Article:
“There would be an immediate and fairly dramatic leakage of cerebrospinal fluid, causing the brain to come to rest in the skull.

“This would be an astonishingly serious medical event,” he said. 

He said the pictures used in the post are anatomically inaccurate and added that the brain is “much higher up in the head than people think it is”. 

Last week alone in Ireland, the Department of Health said 80,030 Covid-19 tests were carried out.

In total, more than one million tests have been carried out in the Republic since the beginning of the outbreak.

#Open journalism No news is bad news Support The Journal

Your contributions will help us continue to deliver the stories that are important to you

Support us now

In terms of how the swab is inserted into the nose, one HSE document says: “Insert the swab into the nostril sweeping the floor of the septum and insert as far as but no further than the red mark on the swab stick. (This should be approximately half way between the nostril and the ear).”

It also includes this image as instruction.

nasal swab test Nasal swab instruction from the HSE. Source: HSE

At no point during this process does the person’s brain get affected nor is an “entry point” created. 

The HSE and the Department of Health told TheJournal.ie that claims like this “have no scientific basis or evidence to support them”. 

Professor Shane O’Mara said: “The swabbing procedure is undoubtedly unpleasant… but people aren’t dying as a result of swabs being put into their heads.” 


There is a lot of false news and scaremongering being spread in Ireland at the moment about coronavirus. Here are some practical ways for you to assess whether the messages that you’re seeing – especially on WhatsApp – are true or not.


Look at where it’s coming from. Is it someone you know? Do they have a source for the information (e.g. the HSE website) or are they just saying that the information comes from someone they know? A lot of the false news being spread right now is from people claiming that messages from ‘a friend’ of theirs. Have a look yourself – do a quick Google search and see if the information is being reported elsewhere.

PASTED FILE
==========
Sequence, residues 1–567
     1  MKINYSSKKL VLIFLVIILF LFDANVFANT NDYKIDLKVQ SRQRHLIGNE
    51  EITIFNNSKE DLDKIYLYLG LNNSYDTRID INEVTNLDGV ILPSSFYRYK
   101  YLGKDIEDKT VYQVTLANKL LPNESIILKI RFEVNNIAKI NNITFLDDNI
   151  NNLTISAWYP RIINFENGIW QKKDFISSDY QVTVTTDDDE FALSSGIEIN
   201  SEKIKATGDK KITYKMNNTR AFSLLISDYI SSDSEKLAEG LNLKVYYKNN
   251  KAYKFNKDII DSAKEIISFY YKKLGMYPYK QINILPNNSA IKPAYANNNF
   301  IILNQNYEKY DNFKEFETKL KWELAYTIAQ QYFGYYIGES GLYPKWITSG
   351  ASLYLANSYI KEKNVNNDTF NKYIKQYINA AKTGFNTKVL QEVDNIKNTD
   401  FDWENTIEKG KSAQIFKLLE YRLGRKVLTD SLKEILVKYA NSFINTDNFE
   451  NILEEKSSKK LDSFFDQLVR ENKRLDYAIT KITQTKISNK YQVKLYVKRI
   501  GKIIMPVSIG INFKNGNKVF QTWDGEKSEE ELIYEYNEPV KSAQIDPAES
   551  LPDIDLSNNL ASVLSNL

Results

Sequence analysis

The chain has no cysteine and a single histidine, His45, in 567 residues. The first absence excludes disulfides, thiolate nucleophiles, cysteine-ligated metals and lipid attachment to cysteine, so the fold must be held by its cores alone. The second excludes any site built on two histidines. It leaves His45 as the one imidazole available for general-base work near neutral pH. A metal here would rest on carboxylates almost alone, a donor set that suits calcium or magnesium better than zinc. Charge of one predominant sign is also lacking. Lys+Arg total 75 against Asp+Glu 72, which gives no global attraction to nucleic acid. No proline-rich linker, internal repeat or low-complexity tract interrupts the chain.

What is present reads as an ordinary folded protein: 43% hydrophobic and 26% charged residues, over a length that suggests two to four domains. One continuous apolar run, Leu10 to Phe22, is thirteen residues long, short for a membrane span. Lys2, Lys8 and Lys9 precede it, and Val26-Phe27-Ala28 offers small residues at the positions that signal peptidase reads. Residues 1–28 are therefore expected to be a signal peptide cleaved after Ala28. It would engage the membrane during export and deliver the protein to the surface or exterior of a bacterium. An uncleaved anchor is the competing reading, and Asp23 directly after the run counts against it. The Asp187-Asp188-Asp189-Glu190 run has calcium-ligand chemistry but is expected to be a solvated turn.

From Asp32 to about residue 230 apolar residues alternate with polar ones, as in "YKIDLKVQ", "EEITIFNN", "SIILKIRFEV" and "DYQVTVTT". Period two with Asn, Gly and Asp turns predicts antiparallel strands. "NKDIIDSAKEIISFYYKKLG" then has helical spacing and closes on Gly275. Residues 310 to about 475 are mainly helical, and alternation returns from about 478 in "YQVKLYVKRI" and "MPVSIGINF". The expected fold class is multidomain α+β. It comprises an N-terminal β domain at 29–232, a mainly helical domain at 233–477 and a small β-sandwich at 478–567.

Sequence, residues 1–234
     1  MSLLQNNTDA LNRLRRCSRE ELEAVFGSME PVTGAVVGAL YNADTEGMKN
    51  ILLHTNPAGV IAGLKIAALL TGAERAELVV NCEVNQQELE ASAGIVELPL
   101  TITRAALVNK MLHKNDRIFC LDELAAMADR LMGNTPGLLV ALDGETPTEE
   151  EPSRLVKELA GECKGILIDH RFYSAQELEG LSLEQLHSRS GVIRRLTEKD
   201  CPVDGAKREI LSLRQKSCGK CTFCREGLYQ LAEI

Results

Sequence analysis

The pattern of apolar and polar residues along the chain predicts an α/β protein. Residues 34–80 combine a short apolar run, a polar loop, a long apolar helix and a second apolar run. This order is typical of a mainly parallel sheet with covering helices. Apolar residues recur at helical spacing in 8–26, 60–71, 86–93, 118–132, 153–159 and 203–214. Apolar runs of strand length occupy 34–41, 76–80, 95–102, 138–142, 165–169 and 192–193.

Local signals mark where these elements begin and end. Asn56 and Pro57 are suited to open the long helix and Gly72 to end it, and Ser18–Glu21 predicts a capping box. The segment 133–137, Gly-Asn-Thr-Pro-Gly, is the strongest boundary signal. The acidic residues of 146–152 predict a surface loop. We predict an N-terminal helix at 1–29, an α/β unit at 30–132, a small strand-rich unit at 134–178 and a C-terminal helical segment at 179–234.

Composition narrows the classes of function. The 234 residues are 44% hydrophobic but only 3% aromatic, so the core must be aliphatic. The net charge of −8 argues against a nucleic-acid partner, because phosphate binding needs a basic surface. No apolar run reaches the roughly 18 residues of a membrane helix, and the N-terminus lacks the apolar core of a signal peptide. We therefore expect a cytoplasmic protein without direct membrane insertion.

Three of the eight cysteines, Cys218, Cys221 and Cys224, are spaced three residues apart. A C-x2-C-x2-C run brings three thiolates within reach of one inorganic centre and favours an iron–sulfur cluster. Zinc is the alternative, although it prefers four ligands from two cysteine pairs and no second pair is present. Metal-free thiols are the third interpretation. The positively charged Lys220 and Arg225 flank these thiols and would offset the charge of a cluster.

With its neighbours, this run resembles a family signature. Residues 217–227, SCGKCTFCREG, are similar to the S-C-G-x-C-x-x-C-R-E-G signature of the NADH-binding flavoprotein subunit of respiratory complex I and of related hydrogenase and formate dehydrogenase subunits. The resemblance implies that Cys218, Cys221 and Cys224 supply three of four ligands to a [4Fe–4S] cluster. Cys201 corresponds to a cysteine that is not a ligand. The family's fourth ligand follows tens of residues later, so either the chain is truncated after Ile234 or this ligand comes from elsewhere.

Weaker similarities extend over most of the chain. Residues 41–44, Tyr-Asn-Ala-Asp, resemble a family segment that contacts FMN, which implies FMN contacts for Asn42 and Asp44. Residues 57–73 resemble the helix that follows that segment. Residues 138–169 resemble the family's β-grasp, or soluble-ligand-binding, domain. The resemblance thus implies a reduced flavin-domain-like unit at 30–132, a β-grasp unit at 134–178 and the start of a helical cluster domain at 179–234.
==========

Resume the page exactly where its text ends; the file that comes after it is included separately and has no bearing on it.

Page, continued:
Secondly, get the whole story, not just a headline. A lot of these messages have got vague information (“all the doctors at this hospital are panicking”) and don’t mention specific details. This is often – but not always a sign – that it may not be accurate. 

Finally, see how you feel after reading it. A lot of these false messages are designed to make people feel panicked. They’re deliberately manipulating your feelings to make you more likely to share it. If you feel panicked after reading something, check it out and see if it really is true.

TheJournal.ie’s FactCheck is a signatory to the International Fact-Checking Network’s Code of Principles. You can read it here. For information on how FactCheck works, what the verdicts mean, and how you can take part, check out our Reader’s Guide here. You can read about the team of editors and reporters who work on the factchecks here

Have you gotten a message on WhatsApp or Facebook or Twitter about coronavirus that you’re not sure about and want us to check it out? Message or mail us and we’ll look into debunking it. WhatsApp: 085 221 4696 or Email: answers@thejournal.ie 

Read next:


This is YOUR comments community. Stay civil, stay constructive, stay on topic. Please familiarise yourself with our comments policy here before taking part.
write a comment

    Leave a commentcancel